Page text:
That said, I still thoroughly enjoyed the adventures of Red Ben and found the pages flew by as I wanted to know what happened next. This was a strong start to what looks to be an engaging series.
8/10

Review of KINDLE Ebook Witch at Heart – Book 1 of the Jinx Hamilton Mystery series by Juliette Harper #Brainfluffbookreview #WitchatHeartbookreview

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Himself had got hold of this one at some stage, so when I was recovering from a stress migraine headache, it looked an ideal world to get lost in…

Jinx Hamilton has been minding her own business working as a waitress at Tom’s Cafe and keeping up with her four cats. Then she inherits her Aunt Fiona’s store in neighboring Briar Hollow, North Carolina and learns that her aunt has willed her some special “powers” as well. They say admitting you have a problem is the first step and Jinx has a major problem. She’s a brand new witch with no earthly clue what that means. Throw in a few homeless ghosts, a potential serial killer, and a resident rat and Jinx is almost at her wit’s end. Thankfully she has the unfailing support of her life-long BFF, Tori and it doesn’t hurt that there’s a hot guy living right next door.

Like a lot of urban fantasy whodunits, this one has a perky, enjoyable protagonist who I immediately liked. Jinx is a kindly, uncomplicated soul, who works alongside her best friend as a waitress and lives at home – until her Aunt Fiona dies. There are some appealing moments of humour and a chirpy upbeat mood, with the cats also contributing to the general cosy sense of small community and peacefulness.

While there is a hint of romance, the overriding relationship that powers this book is the friendship between Jinx and her friend Tori, which I really appreciated. It makes a nice change for the love pervading a book to be one between best friends, which can be every bit as powerful as any other kind, I think.

However, this is also a murder mystery. It’s a balance, isn’t it? Cosy mysteries evidently aren’t going to be the gritted, gory type where there are body parts featured in profusion, or the backdrop is going to be the bleak, hopeless cityscape. And yet, any murder is tackling the business of one person wilfully taking the life of another. If the idea of deliberately killing someone isn’t to be devalued, there has to be a sense of shock over the event.

It isa balancing act to successfully negotiate between these two extremes – and Harper manages it very well. While I thoroughly enjoyed reading about Jinx’s adventures in coping with the new store, the introduction of a murdered ghost who doesn’t know who she is gave a poignant edge to the story. I gobbled up this readable, engaging adventure in two greedy gulps and while the puzzle surrounding the displaced waif is very satisfactorily tied up, there are sufficient ongoing plotpoints that will encourage me to revisit this enjoyable world. Recommended for fans of cosy urban fantasy murder mysteries.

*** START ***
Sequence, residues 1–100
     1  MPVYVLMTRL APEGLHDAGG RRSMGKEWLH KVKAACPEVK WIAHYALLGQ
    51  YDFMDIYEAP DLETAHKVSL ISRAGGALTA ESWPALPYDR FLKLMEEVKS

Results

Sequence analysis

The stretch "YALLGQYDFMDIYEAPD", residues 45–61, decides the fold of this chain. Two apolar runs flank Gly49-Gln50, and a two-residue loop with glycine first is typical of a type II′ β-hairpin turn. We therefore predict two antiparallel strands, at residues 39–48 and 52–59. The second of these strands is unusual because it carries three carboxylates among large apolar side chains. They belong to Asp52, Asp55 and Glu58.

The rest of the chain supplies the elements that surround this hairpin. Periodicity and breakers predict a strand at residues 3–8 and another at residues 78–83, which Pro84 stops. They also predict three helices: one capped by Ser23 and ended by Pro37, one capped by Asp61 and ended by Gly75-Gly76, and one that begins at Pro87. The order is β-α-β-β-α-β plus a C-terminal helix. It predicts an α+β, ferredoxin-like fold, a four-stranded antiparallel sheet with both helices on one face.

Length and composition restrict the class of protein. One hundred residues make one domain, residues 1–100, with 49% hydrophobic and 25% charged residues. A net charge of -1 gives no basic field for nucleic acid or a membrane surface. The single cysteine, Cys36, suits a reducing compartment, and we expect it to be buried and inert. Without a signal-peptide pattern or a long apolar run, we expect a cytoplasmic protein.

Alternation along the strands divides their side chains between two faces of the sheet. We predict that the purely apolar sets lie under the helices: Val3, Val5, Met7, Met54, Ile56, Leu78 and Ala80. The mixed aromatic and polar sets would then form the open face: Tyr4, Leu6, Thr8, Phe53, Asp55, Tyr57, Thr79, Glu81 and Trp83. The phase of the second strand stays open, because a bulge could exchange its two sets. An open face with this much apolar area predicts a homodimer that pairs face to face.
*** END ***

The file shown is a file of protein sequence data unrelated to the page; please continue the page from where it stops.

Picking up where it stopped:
8/10

#Sunday Post – 17th June, 2018 #Brainfluffbookblog #BrainfluffSundayPost

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This is part of the weekly meme over at the Caffeinated Reviewer, where book bloggers can share the books and blogs they have written.

Again, I’m really sorry… I STILL haven’t caught up with comments and blog visits after my walk in the wilderness, when I was cast adrift from the internet for nearly a fortnight. It’s been a rather busy week…

On Monday, it was my last teaching session of the year with Tim – and yet we couldn’t take it easy as he had his Functional Skills Level 2 Writing exam on Thursday. It’s been a momentous year in every sense of the word, having successfully filmed his musical comedy adventure film with a cast of 23, in nine different locations. He has also succeeded in passing his CoPE project, as well as the Composition and Performance strands of his GCSE Music exam – we’re just waiting to hear if he has managed to pass the Theory element. Even more importantly, he is also a delightful, articulate young man, who is a joy to teach and is increasingly confident in branching out in his learning.

I was teaching Creative Writing on Monday and Tuesday evenings, then on Wednesday we had the Northbrook Information Evening, which I always look forward to as a chance to meet up with my fellow tutors. I was lucky enough to be invited for tea with Sarah and her family, before we had our fortnightly writing group – a treat as she is a fantastic cook. On Thursday, I drove Tim and his mother to school for his exam, which has now become something of a ritual – he came out happy that he answered both questions to the best of his ability, which is all we can ask for. I was supposed to go out to West Sussex Writers’ talk on Thursday evening, but fell asleep and when I woke up – the meeting was half over. So I slummocked on the sofa, instead, watching the final of Britain’s Best Home Cook.